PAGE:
It's fine if you don't like reader-inserts, but don't you think that's a little unfair? You can't reasonably expect a random stranger to characterize you accurately in their story. Besides, it feels like you're missing the point. Reader-inserts aren't meant to be complex or that true to canon, let alone real life. They're candy by design. They're all about quick-n'-easy, zero-frills Wish Fulfillment, and I don't think there's anything wrong with that.
If the spelling and grammar are on the level, the canon characters are recognizable, and the Hello, [Insert Name Here] character behaves believably like a human being, that's all I ask. Willing Suspension of Disbelief comes into play here, too.
EDIT: Self-Insert Fic has a Tropes page, but Reader Insert Fic does not. Should I pitch/make one?
edited 20th Nov '16 10:42:17 PM by ThriceCharming
Well, I liked this one Carmilla the Webseries fanfic I read once, told as if you were Carmilla, so it can work if you're pretending to be someone else, not you as you are, and CYOA stories. Those are probably the only cases it works, though.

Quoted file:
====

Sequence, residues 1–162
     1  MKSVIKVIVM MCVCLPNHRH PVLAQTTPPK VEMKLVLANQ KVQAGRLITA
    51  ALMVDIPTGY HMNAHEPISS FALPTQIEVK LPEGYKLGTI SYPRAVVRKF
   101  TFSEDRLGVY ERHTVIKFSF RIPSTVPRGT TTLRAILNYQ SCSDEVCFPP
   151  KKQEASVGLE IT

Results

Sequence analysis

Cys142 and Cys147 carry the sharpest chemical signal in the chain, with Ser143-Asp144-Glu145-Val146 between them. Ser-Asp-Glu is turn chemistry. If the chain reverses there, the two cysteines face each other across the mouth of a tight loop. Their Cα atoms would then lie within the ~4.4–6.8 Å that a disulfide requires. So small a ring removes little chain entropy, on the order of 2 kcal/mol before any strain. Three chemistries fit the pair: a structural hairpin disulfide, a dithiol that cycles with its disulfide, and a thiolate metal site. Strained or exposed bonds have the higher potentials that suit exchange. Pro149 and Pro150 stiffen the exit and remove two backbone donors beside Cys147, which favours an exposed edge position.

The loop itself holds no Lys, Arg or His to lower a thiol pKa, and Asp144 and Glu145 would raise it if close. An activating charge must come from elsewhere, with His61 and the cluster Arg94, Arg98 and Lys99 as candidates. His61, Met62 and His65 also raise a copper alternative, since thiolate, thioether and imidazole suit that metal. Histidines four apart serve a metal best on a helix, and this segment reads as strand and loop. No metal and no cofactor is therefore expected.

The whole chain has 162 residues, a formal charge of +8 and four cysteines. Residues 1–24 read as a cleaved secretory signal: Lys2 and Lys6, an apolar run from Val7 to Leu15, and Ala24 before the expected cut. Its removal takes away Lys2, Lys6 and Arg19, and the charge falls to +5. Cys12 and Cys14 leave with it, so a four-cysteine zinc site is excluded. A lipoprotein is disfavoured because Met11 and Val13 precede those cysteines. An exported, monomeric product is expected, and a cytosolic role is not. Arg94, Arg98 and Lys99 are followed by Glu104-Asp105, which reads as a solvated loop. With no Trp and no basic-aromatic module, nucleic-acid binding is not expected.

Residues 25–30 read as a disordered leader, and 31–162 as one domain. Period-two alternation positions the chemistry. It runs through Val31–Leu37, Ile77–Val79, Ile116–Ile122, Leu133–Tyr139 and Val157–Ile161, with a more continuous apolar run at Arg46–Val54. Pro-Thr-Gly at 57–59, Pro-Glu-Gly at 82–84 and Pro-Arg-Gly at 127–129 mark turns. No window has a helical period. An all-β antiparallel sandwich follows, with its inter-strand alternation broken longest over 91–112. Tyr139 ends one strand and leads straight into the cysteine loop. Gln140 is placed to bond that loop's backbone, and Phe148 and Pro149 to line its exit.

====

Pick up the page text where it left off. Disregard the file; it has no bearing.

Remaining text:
Its a mix for me.
I think you just answer your own question. You can't just put someone else in someone shoes and expect them to behave like you envisioned. Every people different; they have their own view, faith, experience, moral code, favorite food (I'll never understand people who can gush on veggies)....
"But it's wish fulfilment!". Well, your wish, not mine, and not always the same. Example: If you meet a highwayman, what you gonna do? Kill him? Punch him into A Twinkle in the Sky? Convince him to give up his heinous ways? Rob him blind an then kill him? Rob him blind, make him show his watering hole, take everything not nailed (and crowbars everything nailed), and then kill him? Rob him blind, kill him, and then recruit him (necromancy is underrated arts)?
Personally, I'll rob him blind, and then use shapeshifter spell to get all the fun that I can get.